If science is going to fully serve its societal mission in the future, we need to both encourage and equip the next generation of scientists to effectively engage with the broader society in which we work and live. – Alan Leshner.
As the United States continues to fall behind other countries in math and science performance 
, Alan Leshner, CEO of the American Association for the Advancement of Science, expresses a sense of urgency about translating science to the broader public. Further, the mid-1990s implementation of a National Science Foundation grant application Broader Impacts Criterion mandates outreach as part of the granting process for the nation’s researchers 
, stating that those seeking funding must provide a description of how a proposed research project will affect the broader society via teaching, inclusion of underrepresented groups, the creation of outreach relationships, public discussion of research findings, and general social benefits of the project (See http://www.nsf.gov/pubs/gpg/broaderimpacts.pdf
Accessed 4/1112). By attaching such a directive to research funding, the NSF compels scientists to engage in such outreach, underscoring its importance to major science funding bodies.
These are signs that scientists have renewed their interest in outreach efforts, which Burns, O’Connor, and Stocklmayer (2003) define as any activity in which scientists translate their research or broader scientific concepts to those outside of the academy. Here we are most interested in the outreach that academic scientists say they undertake rather than examining the impact of scientists’ efforts to transmit scientific knowledge to the public. Previous research shows that half of academic scientists are engaged in some type of outreach 
, though 5 percent of the most active public scientists do half of all outreach 
However, existing research on this important topic is limited. The small body of existing scholarship on science outreach reveals that stage of career is a salient factor in outreach participation, with senior scientists more likely to take part in one-time-only opportunities, like being a guest on a TV or radio program and junior scholars more likely to engage in primary and secondary education outreach 
. The broadest body of literature deals with the factors that prevent scientists from more extensive engagement in outreach activities, with the most commonly cited barriers as time, funding, knowledge, training, and institutional disincentive. There is also a widely perceived “Sagan Effect” or a professional stigma attached to spending too much time translating one’s research to the broader public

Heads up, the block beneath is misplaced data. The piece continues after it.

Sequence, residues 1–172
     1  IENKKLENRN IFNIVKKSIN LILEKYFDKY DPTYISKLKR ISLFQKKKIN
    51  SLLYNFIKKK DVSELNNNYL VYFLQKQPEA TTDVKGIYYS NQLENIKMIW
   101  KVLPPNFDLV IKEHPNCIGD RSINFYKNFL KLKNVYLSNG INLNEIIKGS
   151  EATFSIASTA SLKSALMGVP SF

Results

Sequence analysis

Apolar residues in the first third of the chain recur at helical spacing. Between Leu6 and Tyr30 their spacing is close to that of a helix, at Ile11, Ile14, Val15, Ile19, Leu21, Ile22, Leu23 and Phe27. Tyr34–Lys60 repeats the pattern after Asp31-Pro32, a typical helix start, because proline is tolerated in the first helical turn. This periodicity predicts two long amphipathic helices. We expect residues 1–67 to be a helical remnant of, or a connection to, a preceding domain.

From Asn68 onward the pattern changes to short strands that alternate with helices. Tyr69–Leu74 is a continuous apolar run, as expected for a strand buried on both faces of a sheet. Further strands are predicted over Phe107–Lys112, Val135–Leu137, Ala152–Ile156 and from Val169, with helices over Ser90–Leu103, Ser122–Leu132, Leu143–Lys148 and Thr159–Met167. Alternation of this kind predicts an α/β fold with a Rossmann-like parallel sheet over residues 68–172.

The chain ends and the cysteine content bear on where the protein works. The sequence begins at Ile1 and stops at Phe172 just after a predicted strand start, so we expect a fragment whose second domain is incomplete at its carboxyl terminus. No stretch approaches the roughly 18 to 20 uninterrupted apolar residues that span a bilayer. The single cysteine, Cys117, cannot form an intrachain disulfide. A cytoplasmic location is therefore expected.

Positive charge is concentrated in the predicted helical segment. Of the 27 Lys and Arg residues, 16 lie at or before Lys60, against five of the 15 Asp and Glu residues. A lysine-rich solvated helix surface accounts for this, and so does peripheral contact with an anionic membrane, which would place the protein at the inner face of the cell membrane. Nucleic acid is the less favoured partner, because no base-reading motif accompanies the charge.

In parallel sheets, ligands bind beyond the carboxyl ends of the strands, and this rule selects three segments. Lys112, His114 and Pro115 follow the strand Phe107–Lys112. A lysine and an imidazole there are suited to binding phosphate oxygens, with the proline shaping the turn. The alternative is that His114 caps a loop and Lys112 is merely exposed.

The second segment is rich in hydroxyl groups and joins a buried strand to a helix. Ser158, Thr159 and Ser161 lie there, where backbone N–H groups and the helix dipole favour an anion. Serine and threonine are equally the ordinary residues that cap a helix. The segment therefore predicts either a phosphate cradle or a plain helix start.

. Scientists who think their colleagues do little are less likely to display an interest in outreach work themselves 
, even though researchers find that in terms of tenure and promotion 
outreach activity has a small, positive effect on the science career.
Myriad factors play a role in scientists’ perceived ability to engage in outreach. For more than half of all scientists, a lack of time is the most insurmountable barrier to doing more outreach 
, and perceived time constraints are associated with a more negative impression of doing outreach activities 
. This time pressure may be compounded by inadequate distribution of knowledge about available outreach opportunities, forcing scientists to expend considerable effort to create or locate existing outreach options 
. Some researchers argue that scientists feel they do not have the necessary skills to share their research 
. Scientists often perceive themselves as having poor personal communication skills 
and have little confidence in their own abilities to do outreach 
, leading scientists to think they might actually hurt the public’s perception of science if they engage in outreach activities.
Lack of encouragement at the institutional level is another common impediment to the participation of scientists in outreach activities 
. Little support of such work from departments, mentors, and advisors is a salient barrier for both graduate students and faculty members 
. Additionally, a widespread conception among academics is that dissemination of research findings beyond peer-reviewed journals is “dumbed-down” 
science and thus not undertaken by the most talented of researchers 
. Therefore, little institutional assistance or approval is given for the creation of outreach programs or involvement in outreach opportunities